overwhelmed.  Ah, yes, how much nicer this is,
he thought, being so strangely balanced and full
of what it was he needed to remember.
Yes, I think this will do just fine. 

Just then he felt a twitch that he had not
felt in years, from a place he had assumed,
from the general lack of communication,
to be in a deep and permanent sleep. It must be
the leggered amount of blood available, he thought,
tapping his forehead with a long, bony finger.
If I expect to get enough rest to be able to see
what I must in order to remember what I equally must,
then I undoubtedly must relieve myself of this excess
blood before something altogether unsettling occurs.
He reached up with his last foot and opened a hole
on the potential trouble maker, letting the blood—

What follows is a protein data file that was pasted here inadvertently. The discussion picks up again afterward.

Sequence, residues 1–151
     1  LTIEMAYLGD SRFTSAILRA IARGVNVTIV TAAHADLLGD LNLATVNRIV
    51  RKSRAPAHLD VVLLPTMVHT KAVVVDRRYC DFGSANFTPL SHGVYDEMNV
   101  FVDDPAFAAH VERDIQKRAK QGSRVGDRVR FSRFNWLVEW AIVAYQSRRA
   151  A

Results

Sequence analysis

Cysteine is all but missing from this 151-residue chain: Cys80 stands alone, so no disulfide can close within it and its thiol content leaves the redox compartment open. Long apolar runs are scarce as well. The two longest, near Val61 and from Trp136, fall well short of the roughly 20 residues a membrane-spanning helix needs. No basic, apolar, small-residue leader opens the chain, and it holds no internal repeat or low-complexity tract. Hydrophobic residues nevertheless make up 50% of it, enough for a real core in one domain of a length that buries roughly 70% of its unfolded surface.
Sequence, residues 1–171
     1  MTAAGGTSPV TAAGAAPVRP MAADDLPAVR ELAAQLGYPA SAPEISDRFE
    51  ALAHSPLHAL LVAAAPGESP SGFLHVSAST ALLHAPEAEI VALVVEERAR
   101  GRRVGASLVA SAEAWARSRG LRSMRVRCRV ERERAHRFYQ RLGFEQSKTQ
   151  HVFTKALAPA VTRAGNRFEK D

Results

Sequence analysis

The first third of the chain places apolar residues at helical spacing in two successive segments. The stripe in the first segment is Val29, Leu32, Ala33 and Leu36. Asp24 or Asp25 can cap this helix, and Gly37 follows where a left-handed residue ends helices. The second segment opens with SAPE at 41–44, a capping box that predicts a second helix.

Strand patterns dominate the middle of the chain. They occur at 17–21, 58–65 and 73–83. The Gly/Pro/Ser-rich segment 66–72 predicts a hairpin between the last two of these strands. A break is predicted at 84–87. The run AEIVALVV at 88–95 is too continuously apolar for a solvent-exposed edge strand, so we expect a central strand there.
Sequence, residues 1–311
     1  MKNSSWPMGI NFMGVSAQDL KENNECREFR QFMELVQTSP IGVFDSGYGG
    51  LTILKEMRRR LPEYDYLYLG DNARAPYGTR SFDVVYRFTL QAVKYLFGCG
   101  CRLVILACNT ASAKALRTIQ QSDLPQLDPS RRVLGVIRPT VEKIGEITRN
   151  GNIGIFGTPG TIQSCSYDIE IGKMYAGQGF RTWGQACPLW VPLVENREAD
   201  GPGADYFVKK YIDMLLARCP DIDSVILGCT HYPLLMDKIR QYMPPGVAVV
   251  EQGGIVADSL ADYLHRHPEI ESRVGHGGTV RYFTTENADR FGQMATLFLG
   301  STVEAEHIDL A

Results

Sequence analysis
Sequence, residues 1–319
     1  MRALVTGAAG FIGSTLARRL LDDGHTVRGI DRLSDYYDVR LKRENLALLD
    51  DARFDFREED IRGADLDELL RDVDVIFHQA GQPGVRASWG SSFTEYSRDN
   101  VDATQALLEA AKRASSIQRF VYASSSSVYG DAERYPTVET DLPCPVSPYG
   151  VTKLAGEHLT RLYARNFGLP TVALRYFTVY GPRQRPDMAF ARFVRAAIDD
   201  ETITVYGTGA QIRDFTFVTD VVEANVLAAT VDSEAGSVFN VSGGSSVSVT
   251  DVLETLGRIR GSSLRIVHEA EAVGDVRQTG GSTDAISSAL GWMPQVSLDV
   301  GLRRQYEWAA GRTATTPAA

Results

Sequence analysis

redder than he was prepared to believe—spill onto
the leg and the arm and the ring and the finger
that already lay on the floor. Near the bed. 
Thinking it best to stop while he still had
enough blood in his brain to make such a decision,
he closed the hole and sighed: Yes, this is going
most satisfactorily. I am thinking of nothing but
what I am supposed to and surely, when I see
my little reminders on the floor in the morning
I will experience such a state of curiosity
as to how they got there, whose, in fact, they are,
that I will be forced to relive the entire chain of events
and will, out of pure logical necessity, end up
face to face with the fact that there might be
something I could possibly benefit from remembering,
something undoubtedly known the night before
and that I was happy with the knowing of
but not able to rest until I had set myself up
to remember it in the morning which must
be today. Yes, I am happy. 

But, he realized with a start, how silly of me
to think I can get away with not removing
my root thing and rounders. For if I have erred
in my estimation as to the excessiveness
of the red stuff and they so much as utter